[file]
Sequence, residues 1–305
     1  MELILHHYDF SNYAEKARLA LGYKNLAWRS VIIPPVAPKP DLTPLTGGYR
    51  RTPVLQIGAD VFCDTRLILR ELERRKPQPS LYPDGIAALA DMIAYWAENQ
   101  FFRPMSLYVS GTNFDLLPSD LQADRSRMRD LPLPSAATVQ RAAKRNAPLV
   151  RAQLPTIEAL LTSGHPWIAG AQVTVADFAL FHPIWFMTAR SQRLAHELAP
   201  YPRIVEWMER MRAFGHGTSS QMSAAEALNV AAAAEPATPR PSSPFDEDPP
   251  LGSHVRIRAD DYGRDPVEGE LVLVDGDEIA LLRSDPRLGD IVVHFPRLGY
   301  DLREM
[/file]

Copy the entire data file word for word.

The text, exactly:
Sequence, residues 1–305
     1  MELILHHYDF SNYAEKARLA LGYKNLAWRS VIIPPVAPKP DLTPLTGGYR
    51  RTPVLQIGAD VFCDTRLILR ELERRKPQPS LYPDGIAALA DMIAYWAENQ
   101  FFRPMSLYVS GTNFDLLPSD LQADRSRMRD LPLPSAATVQ RAAKRNAPLV
   151  RAQLPTIEAL LTSGHPWIAG AQVTVADFAL FHPIWFMTAR SQRLAHELAP
   201  YPRIVEWMER MRAFGHGTSS QMSAAEALNV AAAAEPATPR PSSPFDEDPP
   251  LGSHVRIRAD DYGRDPVEGE LVLVDGDEIA LLRSDPRLGD IVVHFPRLGY
   301  DLREM